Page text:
Conditions similar to those of coppiced woodland can be found in other transitional habitats such as the corridors of regularly cleared woodland beneath electricity pylons, or sunny railway embankments in wooded areas.
Ancient woodland
The New Forest in Hampshire is a unique area now designated as a National Park. It covers an area of over 57,000 hectares, and is largely managed by the government agency Forest Enterprise. It comprises of a mosaic of heathland, mires, pasture land, conifer plantations, and ancient oak / beech forest.
Entomological records indicate that a century or two ago it was the richest area of Britain for butterflies, supporting a vast number of woodland, heathland and grassland species. Sadly that is no longer the case - wild ponies and domestic cattle have been allowed to wander within the forest Inclosures, and grazing has been so intensive that the herb layer of much of the area has disappeared, causing butterfly populations to be decimated.
Recently a more enlightened management policy has been introduced and the situation is improving - a small number of Inclosures are now beginning to regain their former glory, with violets, bugle and other wild flowers reappearing. In these Inclosures Pearl-bordered, Dark Green and Silver-washed Fritillaries are flourishing.
 

Mature oak woodland in the New Forest provides habitat for Purple Hairstreak, White Admiral and Silver-washed Fritillary, while the wider rides and clearings are home to Pearl-bordered Fritillaries, Dark Green Fritillaries and grassland butterflies such as Browns and Skippers.
Broadleaf and conifer plantations
The vast majority of modern forests in Britain are plantations. Some are in private hands but most are state owned, and managed by Forest Enterprise.

These forests are typically broken up into small blocks of between 1 - 6 hectares in area, divided by firebreaks. Often several species of tree will be planted in the forest, but each individual block will consist of a monoculture of conifers ( pine, spruce, larch, cypress, fir etc ), or less commonly broadleaves ( oak, beech or poplar ).

Butterflies cannot survive in the gloom within modern pine plantations, but when the trees are felled and sunlight once again reaches the forest floor, millions of dormant seeds germinate, carpeting the ground with violets, trefoils and bugle - the nectar sources and larval foodplants of butterflies.

This abundance of food sources however is very short-lived, because within about 4 or 5 years, the new trees will have grown sufficiently to shade out the herb layer.

If butterfly colonies are to survive, it is vital that plantations are managed so that new clearings are created every year or two, to supply a continuous availability of suitable breeding habitat. It is also essential to give the butterflies a helping hand so that they can easily and quickly find their way to suitable new areas of breeding habitat. This can be done by creating wide sunlit rides which act as migration corridors between the forest blocks. Scalloping ride edges, and enlarging intersections provides additional temporary habitats where butterflies can breed.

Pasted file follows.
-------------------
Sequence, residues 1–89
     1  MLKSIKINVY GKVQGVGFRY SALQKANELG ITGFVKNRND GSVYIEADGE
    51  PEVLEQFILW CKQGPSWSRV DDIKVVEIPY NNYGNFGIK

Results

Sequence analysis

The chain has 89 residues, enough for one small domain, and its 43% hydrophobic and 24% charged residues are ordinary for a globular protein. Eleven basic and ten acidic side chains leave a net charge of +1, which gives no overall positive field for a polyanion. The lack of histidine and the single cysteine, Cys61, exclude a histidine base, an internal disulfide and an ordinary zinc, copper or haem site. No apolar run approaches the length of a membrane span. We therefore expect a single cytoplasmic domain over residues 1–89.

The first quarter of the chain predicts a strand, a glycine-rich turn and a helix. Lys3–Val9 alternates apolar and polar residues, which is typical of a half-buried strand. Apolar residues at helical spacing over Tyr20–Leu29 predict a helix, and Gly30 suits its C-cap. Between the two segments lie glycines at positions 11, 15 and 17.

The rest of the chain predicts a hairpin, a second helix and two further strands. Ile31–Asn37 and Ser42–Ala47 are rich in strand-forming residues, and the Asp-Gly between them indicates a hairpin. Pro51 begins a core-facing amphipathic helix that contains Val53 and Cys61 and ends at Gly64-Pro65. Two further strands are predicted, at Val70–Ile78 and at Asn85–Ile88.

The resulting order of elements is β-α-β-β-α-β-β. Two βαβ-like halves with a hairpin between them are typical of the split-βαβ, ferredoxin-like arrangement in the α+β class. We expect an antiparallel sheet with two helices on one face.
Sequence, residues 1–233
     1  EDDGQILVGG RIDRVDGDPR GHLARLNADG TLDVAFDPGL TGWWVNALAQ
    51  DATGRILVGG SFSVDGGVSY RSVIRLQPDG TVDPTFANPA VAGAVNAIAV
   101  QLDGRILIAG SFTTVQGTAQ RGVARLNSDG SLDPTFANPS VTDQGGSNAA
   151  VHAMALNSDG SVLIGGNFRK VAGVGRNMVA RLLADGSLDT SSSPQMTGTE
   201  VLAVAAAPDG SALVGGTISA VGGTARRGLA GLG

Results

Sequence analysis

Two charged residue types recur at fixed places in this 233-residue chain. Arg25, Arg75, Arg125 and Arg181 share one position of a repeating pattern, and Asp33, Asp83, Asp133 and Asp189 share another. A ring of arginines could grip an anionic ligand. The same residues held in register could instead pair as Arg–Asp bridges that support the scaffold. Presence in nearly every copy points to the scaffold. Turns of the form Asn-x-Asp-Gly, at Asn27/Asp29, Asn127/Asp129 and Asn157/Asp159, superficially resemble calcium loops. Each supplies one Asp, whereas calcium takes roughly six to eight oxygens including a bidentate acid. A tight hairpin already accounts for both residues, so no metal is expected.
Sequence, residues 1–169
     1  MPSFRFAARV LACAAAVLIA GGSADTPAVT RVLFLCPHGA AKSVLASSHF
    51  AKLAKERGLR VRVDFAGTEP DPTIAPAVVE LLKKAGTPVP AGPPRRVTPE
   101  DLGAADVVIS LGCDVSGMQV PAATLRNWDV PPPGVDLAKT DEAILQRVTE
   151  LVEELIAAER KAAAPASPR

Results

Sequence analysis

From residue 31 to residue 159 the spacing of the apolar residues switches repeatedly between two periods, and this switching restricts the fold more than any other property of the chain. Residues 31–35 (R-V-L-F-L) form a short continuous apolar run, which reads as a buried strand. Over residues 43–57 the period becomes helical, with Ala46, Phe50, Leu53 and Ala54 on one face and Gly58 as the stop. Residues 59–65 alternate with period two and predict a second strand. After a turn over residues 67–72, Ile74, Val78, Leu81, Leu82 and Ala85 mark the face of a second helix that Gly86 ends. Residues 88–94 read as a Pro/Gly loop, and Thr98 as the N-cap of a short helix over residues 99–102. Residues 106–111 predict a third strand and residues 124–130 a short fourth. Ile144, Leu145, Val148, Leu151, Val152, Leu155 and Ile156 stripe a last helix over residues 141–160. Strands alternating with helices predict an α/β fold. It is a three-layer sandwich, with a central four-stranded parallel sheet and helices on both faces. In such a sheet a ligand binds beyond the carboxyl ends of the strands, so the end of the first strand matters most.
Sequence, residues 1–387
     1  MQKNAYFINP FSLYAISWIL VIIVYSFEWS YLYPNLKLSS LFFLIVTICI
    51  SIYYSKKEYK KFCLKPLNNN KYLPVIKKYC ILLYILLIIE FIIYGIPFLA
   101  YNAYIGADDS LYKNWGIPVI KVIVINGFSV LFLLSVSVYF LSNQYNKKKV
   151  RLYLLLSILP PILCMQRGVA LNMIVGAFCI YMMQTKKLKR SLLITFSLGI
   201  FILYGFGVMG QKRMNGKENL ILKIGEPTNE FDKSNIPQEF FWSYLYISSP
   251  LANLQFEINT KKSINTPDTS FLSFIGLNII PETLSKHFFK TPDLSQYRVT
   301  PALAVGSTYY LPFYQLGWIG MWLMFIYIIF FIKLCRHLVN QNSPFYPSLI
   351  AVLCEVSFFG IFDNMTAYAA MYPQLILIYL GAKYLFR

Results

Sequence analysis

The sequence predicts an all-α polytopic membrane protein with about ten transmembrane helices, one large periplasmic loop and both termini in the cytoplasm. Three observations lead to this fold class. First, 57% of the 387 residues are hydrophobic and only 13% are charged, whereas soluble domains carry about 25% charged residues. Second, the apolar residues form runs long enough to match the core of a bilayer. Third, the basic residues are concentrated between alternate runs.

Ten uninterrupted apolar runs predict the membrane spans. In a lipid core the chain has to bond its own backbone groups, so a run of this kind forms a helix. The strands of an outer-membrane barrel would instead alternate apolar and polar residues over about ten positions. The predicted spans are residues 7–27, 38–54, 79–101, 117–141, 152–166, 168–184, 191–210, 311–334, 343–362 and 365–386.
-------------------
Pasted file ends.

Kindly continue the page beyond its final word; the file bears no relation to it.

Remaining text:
Pine plantations are dark dismal places where butterflies cannot survive

 

In larch plantations higher levels of sunlight reach the forest floor, encouraging the growth of bracken and bramble. Mown rides allow violets and other larval foodplants to grow.

Timber nowadays offers little financial return, and this fact, together with increasing public demand for leisure facilities has brought about a change in Government forestry policy. The tendency now is for the plantations to be periodically thinned, rather than clear-felled and replanted, and for the woodlands to become retained for their amenity value - many former timber plantations are now Country Parks.

The edges of the tracks and rides in plantations are often planted with a narrow strip of amenity broadleaves such as oak, sallow, buckthorn, field maple and wych elm. There are also often a few ornamental species such as scarlet oak, sycamore, lime and cherry.

Most woodland blocks are edged with drainage ditches and small embankments, while other habitats may include small semi-permanent glades, grassy avenues, riversides and ponds. A modern woodland is thus comprised of a multitude of sub-habitats which support many native trees, shrubs and bushes. The structure of the woodland usually ensures that there is an abundance of sheltered sunny areas, supporting a rich variety of grasses and wildflowers growing along the ditches, embankments and ride edges.
Wide grassy forest rides can be thought of as "linear meadows". Vetches, trefoils and violets growing along the ride edges are used as larval foodplants by many species, as are buckthorn, sallow, dogwood and holly. Nectar sources also abound - hemp agrimony, thistles, bugle and bramble each attracting numerous butterfly species.
The consequence of this rich botanical variety is that many plantations in southern Britain support not only true woodland butterflies such as Silver-washed Fritillary, Purple Emperor, White-letter Hairstreak, Purple Hairstreak and White Admiral, but also often have populations of species normally associated with scrubby grassland - e.g. Dark Green Fritillary, Brown Hairstreak, Grizzled Skipper, Dingy Skipper, Large Skipper, Marbled White, Meadow Brown, Ringlet and Gatekeeper.
Most species however exist at very low densities and there is an absolute and immediate need for landscape-level conservation management to be implemented to prevent their continuing decline and ultimate extinction.